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New planet discovered in Milky Way

Astronomers have located a planet toward the center of our galaxy that they say is five times the size of Earth.

Scientists have discovered a planet more like Earth than any other found before, they said on Wednesday. It's 20,000 light-years away, just shy of the center of the Milky Way.

The discovery, which the scientists called "groundbreaking," was made using a technique noted in 1912 by Albert Einstein through a network of telescopes positioned around the globe. The planet takes the nondescript name "OGLE-2005-BLG-390" after one such telescope, named OGLE, for Optical Gravitational Lensing Experiment.

OGLE, based in Poland's Warsaw University Observatory, was first used to spot the object on July 11, 2005.

"This planet is actually the first and only planet that has been discovered so far that is in agreement with the theories for how our solar system formed," said Uffe Grae Jorgensen, a scientist with the Niels Bohr Institute in Copenhagen, Denmark, and a member of the team who detected the planet.

The planet is five times the mass of Earth, but it's still considered the smallest and coolest ever detected outside of the solar system, according to the scientists. It circles a red parent star, which is five times smaller than the Sun, in about 10 years. Because the parent star is cool and within a large orbit, scientists believe OGLE's surface is icy and too cold for liquid water at an estimated 220 degrees Centigrade below zero.

Scientists also predict it has a thin atmosphere, like Earth, with a rocky surface buried deep under frozen oceans. These characteristics would make it a larger version of Pluto, rather than the rocky inner solar planets like Earth and Venus, they say.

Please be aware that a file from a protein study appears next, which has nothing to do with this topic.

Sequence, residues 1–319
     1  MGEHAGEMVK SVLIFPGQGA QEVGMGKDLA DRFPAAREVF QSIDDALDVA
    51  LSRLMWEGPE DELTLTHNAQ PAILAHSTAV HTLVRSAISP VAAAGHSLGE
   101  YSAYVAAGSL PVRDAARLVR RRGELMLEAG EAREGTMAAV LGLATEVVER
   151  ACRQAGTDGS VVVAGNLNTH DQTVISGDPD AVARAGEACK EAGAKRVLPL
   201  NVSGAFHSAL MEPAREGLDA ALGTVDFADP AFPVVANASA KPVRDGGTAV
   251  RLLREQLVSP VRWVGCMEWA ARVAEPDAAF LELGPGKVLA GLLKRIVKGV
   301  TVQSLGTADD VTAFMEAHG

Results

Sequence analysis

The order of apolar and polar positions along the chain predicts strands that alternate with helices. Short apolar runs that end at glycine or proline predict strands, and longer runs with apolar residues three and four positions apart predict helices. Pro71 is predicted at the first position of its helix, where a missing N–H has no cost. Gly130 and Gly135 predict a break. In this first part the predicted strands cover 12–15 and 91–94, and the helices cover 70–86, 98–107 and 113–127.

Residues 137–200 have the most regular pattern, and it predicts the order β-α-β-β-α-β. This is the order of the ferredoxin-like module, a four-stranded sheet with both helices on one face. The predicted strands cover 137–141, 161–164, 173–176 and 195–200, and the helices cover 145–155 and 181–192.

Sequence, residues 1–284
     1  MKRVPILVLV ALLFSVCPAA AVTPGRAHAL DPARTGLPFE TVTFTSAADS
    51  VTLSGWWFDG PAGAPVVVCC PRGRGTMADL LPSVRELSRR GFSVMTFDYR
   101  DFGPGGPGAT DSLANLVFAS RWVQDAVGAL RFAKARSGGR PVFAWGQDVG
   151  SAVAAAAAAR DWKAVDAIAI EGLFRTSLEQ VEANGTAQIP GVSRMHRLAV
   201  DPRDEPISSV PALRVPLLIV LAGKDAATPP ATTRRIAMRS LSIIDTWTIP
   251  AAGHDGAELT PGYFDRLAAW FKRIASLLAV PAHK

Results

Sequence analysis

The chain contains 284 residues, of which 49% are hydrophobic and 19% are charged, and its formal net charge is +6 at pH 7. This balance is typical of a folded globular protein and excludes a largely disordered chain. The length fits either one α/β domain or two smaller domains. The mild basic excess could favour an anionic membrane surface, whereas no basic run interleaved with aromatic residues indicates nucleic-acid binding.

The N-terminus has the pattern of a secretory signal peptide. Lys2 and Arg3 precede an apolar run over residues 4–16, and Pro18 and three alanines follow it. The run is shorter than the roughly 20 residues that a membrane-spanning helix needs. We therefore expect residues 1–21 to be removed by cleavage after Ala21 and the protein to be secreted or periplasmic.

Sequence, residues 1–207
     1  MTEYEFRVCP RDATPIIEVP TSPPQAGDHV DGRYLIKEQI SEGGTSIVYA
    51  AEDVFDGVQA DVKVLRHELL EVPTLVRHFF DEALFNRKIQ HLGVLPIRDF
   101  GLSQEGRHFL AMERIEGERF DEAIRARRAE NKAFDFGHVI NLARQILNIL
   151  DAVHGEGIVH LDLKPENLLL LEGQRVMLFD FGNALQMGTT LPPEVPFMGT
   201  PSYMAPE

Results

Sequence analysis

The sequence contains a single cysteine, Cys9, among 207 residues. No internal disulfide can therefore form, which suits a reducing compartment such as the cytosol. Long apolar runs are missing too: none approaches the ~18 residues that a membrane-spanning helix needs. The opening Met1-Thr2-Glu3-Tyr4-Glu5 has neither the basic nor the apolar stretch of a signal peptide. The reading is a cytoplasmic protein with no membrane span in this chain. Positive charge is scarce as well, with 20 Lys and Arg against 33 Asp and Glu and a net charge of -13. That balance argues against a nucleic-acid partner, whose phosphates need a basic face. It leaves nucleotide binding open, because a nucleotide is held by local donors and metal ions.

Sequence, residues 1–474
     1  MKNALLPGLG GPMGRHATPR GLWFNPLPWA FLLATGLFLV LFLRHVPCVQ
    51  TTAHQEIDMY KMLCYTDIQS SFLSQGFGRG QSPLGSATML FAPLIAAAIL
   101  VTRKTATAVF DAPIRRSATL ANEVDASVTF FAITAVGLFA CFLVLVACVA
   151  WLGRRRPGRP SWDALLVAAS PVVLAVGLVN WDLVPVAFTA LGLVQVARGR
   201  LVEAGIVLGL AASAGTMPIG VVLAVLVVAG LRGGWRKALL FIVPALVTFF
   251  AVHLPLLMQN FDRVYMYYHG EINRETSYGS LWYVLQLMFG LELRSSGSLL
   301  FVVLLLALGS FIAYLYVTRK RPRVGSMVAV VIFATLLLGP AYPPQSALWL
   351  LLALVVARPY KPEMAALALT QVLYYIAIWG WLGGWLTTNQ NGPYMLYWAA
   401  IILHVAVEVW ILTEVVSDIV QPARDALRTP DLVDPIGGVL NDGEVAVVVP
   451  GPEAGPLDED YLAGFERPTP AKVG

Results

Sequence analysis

The discovery was reported in this week's issue of Nature.

The method used to detect the planet is called "microlensing." Planetary team member Andrew Williams, of Australia's Perth Observatory, explained it as a method of allowing the gravity of a dim, intervening star to act as a giant natural telescope, magnifying a more distant star, which then temporarily looks brighter for about a month.

"A small 'defect' in the brightening reveals the existence of a planet around the lens star. We don't see the planet, or even the star that it's orbiting; we just see the effect of their gravity," he said.

Any other planets orbiting the star can produce an additional signal. Those signals can last for days if it's a giant planet or for hours if it's of a smaller mass, like Earth.

Microlensing involves nearly continuous monitoring of the stars through various telescopes around the world. What's called the Planet Network operates such a telescope network, with telescopes in Chile, Tasmania, Australia, South Africa, Spain and Hawaii, among other locations. Once the OGLE telescope spotted the planet, the network was triggered to begin taking continuous data.

Jean-Philippe Beaulieu, a scientist at the Institut d'Astrophysique de Paris, said that only three planets have been discovered through miscrolensing techniques. "While the other two microlensing planets have masses of a few times that of Jupiter, the discovery of a 5 Earth mass planet--though much harder to detect than more massive ones--is a strong hint that these lower-mass objects are very common," he said in a statement.